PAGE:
The T List: Five Things We Recommend This Week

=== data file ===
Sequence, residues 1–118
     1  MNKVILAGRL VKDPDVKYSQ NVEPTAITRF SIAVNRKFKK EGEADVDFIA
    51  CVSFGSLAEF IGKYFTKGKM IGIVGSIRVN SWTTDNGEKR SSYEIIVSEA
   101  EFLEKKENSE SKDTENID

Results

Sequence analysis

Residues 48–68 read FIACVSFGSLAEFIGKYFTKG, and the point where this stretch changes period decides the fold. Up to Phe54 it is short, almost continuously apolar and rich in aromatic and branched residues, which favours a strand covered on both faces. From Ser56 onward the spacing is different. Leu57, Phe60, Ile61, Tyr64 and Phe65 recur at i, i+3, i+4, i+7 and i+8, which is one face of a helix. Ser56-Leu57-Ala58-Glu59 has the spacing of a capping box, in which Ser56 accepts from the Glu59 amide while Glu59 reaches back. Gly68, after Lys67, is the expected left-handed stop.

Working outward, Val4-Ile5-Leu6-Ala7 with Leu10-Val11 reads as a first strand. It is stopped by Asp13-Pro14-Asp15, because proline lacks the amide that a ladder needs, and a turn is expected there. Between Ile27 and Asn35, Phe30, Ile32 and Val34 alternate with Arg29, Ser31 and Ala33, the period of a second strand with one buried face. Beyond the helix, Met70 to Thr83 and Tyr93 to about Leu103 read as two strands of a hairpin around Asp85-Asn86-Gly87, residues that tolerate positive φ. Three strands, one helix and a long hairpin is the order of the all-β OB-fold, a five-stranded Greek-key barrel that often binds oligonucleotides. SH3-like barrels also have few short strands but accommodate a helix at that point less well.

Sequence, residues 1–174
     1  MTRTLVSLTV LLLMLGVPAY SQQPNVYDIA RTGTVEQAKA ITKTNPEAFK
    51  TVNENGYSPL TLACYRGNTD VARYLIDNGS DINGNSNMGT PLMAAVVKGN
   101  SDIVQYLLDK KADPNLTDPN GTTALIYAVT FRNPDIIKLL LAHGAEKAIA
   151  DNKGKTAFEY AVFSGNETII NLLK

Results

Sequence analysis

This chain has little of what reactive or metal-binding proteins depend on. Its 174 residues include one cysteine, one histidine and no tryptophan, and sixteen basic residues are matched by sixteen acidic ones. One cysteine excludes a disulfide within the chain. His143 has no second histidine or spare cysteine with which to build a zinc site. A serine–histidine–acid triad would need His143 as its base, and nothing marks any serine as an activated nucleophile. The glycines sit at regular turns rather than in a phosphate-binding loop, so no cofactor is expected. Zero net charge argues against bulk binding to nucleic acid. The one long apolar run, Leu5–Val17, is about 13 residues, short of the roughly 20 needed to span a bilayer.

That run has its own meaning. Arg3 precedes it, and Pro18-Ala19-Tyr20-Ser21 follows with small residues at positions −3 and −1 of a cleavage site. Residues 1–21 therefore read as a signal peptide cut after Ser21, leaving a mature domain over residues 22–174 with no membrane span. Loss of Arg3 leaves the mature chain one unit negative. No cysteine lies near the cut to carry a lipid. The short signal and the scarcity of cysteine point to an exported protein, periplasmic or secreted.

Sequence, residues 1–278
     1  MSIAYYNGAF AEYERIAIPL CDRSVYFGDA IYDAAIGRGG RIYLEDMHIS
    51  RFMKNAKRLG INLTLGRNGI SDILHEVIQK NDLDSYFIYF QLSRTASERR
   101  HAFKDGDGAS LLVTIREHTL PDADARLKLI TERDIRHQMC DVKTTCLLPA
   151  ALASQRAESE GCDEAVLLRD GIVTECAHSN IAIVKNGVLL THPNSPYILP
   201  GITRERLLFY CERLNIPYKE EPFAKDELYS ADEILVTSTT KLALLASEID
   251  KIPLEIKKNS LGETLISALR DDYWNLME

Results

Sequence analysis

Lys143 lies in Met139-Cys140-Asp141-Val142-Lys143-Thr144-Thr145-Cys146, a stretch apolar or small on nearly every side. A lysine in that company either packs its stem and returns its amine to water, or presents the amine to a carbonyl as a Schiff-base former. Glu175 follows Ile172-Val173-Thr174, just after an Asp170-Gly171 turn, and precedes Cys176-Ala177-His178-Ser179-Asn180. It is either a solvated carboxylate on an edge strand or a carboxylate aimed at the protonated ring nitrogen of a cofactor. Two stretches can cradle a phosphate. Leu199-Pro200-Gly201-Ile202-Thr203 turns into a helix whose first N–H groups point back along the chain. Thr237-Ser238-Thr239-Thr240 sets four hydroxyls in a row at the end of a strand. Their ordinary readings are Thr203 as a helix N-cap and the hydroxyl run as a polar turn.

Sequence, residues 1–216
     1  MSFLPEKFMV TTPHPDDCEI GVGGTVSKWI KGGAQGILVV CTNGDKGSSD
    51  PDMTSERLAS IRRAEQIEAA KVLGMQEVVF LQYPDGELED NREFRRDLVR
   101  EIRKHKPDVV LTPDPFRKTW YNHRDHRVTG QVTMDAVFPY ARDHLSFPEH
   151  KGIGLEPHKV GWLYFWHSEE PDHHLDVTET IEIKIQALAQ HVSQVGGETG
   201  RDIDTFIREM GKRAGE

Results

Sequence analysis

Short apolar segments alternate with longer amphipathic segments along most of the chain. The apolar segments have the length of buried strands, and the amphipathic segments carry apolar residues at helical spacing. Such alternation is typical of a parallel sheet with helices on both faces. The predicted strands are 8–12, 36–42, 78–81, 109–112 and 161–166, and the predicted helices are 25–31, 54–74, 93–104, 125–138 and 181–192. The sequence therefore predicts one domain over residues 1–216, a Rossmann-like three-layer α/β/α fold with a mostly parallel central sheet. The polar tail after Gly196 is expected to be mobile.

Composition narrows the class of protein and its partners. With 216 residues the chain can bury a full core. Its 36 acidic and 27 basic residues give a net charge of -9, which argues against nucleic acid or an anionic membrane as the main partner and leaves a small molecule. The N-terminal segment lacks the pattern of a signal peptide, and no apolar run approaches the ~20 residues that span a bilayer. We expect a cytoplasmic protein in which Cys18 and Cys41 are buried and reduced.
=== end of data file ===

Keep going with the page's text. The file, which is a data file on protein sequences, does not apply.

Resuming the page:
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Few fashion designers working today are openly referencing visual artists past and present quite like Duro Olowu, whose clothing is made from patchworks of colorful, sumptuous textiles in silhouettes that often recall those worn by film stars of yesteryear. So it’s only fitting that Olowu, who is married to Thelma Golden — the director of the Studio Museum in Harlem — has expanded into curatorial work, creating epoch-spanning exhibitions that juxtapose photography, painting, sculpture and textiles with his signature spirit of cosmopolitanism and spontaneity. His latest project of this kind, at Chicago’s Museum of Contemporary Art, draws largely from the Windy City’s wealth of public and private art collections. The personal-feeling result is crammed with local talent, including Kerry James Marshall, the Chicago Imagist Roger Brown and the city’s often overlooked Africobra collective. However, what stands out most is the knack Olowu, who worked with MCA senior curator Naomi Beckwith, has for gathering together work by artists you’d rarely find sharing space in an exhibition, including Jean Arp and Tomma Abts, Joseph Beuys and Ruth Asawa, and Barbara Kruger and Amy Sherald. It’s a reflection of how we live today, suspended in our own time and geography, but also — with the help of a more generous view — transcending it. “Duro Olowu: Seeing Chicago” is on view through May 10, but the museum is currently closed through March 29 (so save this newsletter, and an in-person visit, for later), 220 East Chicago Avenue, Chicago,